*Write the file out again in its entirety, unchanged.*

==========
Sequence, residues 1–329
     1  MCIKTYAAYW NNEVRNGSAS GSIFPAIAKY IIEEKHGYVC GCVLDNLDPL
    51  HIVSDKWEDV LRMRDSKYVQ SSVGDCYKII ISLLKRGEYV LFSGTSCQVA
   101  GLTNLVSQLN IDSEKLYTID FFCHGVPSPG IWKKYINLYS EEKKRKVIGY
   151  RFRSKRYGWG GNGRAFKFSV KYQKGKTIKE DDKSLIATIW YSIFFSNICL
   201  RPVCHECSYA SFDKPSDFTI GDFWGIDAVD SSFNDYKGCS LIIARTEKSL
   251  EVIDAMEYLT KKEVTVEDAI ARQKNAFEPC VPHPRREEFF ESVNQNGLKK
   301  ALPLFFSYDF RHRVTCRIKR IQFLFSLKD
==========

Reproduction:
Sequence, residues 1–329
     1  MCIKTYAAYW NNEVRNGSAS GSIFPAIAKY IIEEKHGYVC GCVLDNLDPL
    51  HIVSDKWEDV LRMRDSKYVQ SSVGDCYKII ISLLKRGEYV LFSGTSCQVA
   101  GLTNLVSQLN IDSEKLYTID FFCHGVPSPG IWKKYINLYS EEKKRKVIGY
   151  RFRSKRYGWG GNGRAFKFSV KYQKGKTIKE DDKSLIATIW YSIFFSNICL
   201  RPVCHECSYA SFDKPSDFTI GDFWGIDAVD SSFNDYKGCS LIIARTEKSL
   251  EVIDAMEYLT KKEVTVEDAI ARQKNAFEPC VPHPRREEFF ESVNQNGLKK
   301  ALPLFFSYDF RHRVTCRIKR IQFLFSLKD